Back in Singapore, you worked your way up to the Executive Chef position of the Absinthe Restaurant. What was your culinary setup there?

I took over from Chef François Mermilliod, who was my Chef, so I kept his culinary setup similar to mine (traditional French food using high quality ingredients and retaining most of their nutrients by using them naturally and not cooking too long).


After your time as Chef de cuisine at the legendary The Fullerton Hotel in Singapore, you are now working for Sodexo in Singapore. At Sodexo, Chefs cook for some of the most prestigious companies and run the kitchens of Michelin-starred restaurants daily. How would you describe your work today?

Today I am very happy to work with Sodexo because it means a great quality of life – like working time, less stress and still being able to cook great food. For example, I cook for the clients of the BNP Paribas Campus who expect high quality food.



How innovative can you be in your work?

I like to read books from the last generations of Chefs (Escoffier, Mere Brazier, Paul Bocuse, etc.) and I innovate by writing down and combining some recipes, creating dishes and menus with a bit of Southeastern local products that make sense in terms of taste.


The canteen catering/cooking is a rapidly changing segment; in a good way, so that cooking fresh and international influences become a part of it. What changes do you see in this segment?

As in other segments, customers today are more concerned about food additives that are present almost everywhere. Therefore, it is very important that the canteen catering/cooking follows and stops using processed food (or at least less).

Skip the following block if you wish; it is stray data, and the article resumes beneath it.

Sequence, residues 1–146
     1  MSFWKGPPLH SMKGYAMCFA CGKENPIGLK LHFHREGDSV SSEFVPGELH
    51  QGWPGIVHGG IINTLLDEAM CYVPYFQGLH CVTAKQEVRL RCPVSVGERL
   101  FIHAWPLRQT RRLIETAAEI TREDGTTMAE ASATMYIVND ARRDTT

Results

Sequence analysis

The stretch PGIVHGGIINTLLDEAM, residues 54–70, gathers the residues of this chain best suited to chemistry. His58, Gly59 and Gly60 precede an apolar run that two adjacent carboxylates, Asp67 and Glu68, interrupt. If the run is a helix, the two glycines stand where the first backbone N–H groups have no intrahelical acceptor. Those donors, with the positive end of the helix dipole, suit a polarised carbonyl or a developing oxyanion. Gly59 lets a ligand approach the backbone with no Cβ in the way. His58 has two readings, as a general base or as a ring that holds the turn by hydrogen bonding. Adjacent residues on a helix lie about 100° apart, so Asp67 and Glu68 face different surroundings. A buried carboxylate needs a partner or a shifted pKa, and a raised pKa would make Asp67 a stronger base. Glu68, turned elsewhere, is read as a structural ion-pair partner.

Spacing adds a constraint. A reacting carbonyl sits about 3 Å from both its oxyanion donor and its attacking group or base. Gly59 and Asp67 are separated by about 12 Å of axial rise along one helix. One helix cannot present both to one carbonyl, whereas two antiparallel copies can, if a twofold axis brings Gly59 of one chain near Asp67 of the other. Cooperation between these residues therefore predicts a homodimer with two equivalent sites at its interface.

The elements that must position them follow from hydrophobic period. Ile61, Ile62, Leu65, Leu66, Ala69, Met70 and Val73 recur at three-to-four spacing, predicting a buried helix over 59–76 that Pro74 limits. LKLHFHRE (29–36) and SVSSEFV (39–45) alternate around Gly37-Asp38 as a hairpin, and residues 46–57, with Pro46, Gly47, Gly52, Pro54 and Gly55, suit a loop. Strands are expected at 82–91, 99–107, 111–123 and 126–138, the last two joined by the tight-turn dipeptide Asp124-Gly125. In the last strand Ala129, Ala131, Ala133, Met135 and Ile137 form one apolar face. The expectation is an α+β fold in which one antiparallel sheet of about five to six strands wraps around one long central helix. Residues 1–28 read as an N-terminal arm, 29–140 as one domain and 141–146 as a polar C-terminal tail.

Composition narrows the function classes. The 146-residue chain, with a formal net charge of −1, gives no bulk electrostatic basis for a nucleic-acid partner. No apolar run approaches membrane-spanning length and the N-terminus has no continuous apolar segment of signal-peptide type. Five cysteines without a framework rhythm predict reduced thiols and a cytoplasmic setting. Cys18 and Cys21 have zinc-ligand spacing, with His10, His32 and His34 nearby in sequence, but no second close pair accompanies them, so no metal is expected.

Working in this segment as a Chef – What are your benefits?

Regular working hours, free weekends are great advantages as a Chef.


How would you describe your own culinary line after so many different experiences today?

I learned a lot about my environment (epigenetics), my decision was to change my environment by choosing this culinary line – cooking great food with less stress.


French-Asian fusion: what are some of your creations in this direction?

I only have a few “fusion” dishes, as you can see on my website:


Singapore is becoming an interactive culinary hotspot: what are the latest trends you see?

Singapore is very tight in terms of ingredients as everything is imported, so I do not see many new trends, I see great restaurants that keep similar menus with similar products from 13 years ago and still work very well.


If you have a day off in Singapore, what are your favorite places to eat?

I do a lot of sports in recent years, so I rarely eat outside. Sometimes Chili Crab at Katong and Zaffron Kitchen at Katong, too.


Singapore is a great place for foreign Chefs to get in touch with Asia for the first time. Would you recommend working as a Chef there?

Yes, I recommend you to work and start a year or two in Singapore and to travel to many other countries in Southeast Asia to learn about the culture and food.


Thank you, Nicolas!